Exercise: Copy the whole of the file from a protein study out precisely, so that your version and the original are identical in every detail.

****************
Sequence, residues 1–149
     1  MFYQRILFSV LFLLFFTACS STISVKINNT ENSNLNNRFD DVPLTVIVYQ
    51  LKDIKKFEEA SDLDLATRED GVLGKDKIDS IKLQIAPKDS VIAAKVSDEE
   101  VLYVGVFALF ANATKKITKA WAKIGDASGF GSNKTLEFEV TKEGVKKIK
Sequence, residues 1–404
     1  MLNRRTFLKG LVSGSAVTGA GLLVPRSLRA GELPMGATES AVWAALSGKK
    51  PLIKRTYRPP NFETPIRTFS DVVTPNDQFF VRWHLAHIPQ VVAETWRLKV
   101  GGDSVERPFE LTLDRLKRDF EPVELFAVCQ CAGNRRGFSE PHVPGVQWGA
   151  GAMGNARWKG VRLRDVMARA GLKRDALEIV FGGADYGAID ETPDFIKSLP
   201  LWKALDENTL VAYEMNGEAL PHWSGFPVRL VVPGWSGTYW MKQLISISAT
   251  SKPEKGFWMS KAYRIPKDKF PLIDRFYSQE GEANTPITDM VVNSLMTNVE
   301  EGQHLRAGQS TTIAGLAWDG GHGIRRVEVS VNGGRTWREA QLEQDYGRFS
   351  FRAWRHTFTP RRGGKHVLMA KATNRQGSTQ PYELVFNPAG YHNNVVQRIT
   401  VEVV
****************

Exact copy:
Sequence, residues 1–149
     1  MFYQRILFSV LFLLFFTACS STISVKINNT ENSNLNNRFD DVPLTVIVYQ
    51  LKDIKKFEEA SDLDLATRED GVLGKDKIDS IKLQIAPKDS VIAAKVSDEE
   101  VLYVGVFALF ANATKKITKA WAKIGDASGF GSNKTLEFEV TKEGVKKIK
Sequence, residues 1–404
     1  MLNRRTFLKG LVSGSAVTGA GLLVPRSLRA GELPMGATES AVWAALSGKK
    51  PLIKRTYRPP NFETPIRTFS DVVTPNDQFF VRWHLAHIPQ VVAETWRLKV
   101  GGDSVERPFE LTLDRLKRDF EPVELFAVCQ CAGNRRGFSE PHVPGVQWGA
   151  GAMGNARWKG VRLRDVMARA GLKRDALEIV FGGADYGAID ETPDFIKSLP
   201  LWKALDENTL VAYEMNGEAL PHWSGFPVRL VVPGWSGTYW MKQLISISAT
   251  SKPEKGFWMS KAYRIPKDKF PLIDRFYSQE GEANTPITDM VVNSLMTNVE
   301  EGQHLRAGQS TTIAGLAWDG GHGIRRVEVS VNGGRTWREA QLEQDYGRFS
   351  FRAWRHTFTP RRGGKHVLMA KATNRQGSTQ PYELVFNPAG YHNNVVQRIT
   401  VEVV